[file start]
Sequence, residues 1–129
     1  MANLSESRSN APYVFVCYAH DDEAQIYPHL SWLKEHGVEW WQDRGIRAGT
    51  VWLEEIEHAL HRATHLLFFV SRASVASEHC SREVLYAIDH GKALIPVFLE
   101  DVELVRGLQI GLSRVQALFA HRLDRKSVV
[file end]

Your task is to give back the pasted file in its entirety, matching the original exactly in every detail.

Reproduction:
Sequence, residues 1–129
     1  MANLSESRSN APYVFVCYAH DDEAQIYPHL SWLKEHGVEW WQDRGIRAGT
    51  VWLEEIEHAL HRATHLLFFV SRASVASEHC SREVLYAIDH GKALIPVFLE
   101  DVELVRGLQI GLSRVQALFA HRLDRKSVV